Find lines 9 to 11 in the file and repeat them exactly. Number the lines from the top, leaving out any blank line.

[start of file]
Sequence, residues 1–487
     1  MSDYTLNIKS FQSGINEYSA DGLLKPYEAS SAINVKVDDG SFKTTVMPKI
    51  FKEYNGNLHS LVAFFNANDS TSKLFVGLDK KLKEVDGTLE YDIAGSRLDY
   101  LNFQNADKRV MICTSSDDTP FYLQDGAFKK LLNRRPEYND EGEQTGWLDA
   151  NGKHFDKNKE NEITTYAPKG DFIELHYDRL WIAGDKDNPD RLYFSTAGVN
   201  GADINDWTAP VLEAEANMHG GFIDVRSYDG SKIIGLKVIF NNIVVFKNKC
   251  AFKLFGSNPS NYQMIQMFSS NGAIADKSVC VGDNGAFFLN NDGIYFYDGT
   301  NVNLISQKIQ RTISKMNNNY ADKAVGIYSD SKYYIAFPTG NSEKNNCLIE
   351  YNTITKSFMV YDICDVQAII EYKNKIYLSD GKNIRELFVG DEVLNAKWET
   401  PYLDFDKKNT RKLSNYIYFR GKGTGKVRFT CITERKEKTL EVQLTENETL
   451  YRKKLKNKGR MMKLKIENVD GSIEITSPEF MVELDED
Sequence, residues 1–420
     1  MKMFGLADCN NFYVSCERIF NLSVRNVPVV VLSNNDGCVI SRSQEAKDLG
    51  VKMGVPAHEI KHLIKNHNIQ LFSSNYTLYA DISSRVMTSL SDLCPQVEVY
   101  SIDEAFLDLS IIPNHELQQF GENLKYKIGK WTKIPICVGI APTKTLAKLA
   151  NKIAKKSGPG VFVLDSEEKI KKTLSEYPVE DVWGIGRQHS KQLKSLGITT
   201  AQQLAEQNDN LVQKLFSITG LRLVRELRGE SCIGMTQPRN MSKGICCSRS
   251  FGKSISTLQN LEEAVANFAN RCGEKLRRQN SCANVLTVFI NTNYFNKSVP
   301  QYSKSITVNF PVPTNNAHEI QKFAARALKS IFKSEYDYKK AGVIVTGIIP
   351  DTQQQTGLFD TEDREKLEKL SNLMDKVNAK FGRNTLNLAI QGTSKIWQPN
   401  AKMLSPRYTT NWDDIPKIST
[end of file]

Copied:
   351  YNTITKSFMV YDICDVQAII EYKNKIYLSD GKNIRELFVG DEVLNAKWET
   401  PYLDFDKKNT RKLSNYIYFR GKGTGKVRFT CITERKEKTL EVQLTENETL
   451  YRKKLKNKGR MMKLKIENVD GSIEITSPEF MVELDED